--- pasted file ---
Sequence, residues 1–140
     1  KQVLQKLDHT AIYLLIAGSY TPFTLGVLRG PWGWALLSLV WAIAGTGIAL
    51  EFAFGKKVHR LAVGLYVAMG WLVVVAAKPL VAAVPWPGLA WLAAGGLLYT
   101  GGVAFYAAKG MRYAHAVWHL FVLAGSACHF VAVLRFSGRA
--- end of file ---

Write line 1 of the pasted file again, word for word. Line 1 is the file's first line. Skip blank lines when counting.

Sequence, residues 1–140